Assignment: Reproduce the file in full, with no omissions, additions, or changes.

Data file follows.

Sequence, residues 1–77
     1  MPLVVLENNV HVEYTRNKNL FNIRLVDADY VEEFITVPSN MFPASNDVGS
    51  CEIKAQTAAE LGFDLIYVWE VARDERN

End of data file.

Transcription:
Sequence, residues 1–77
     1  MPLVVLENNV HVEYTRNKNL FNIRLVDADY VEEFITVPSN MFPASNDVGS
    51  CEIKAQTAAE LGFDLIYVWE VARDERN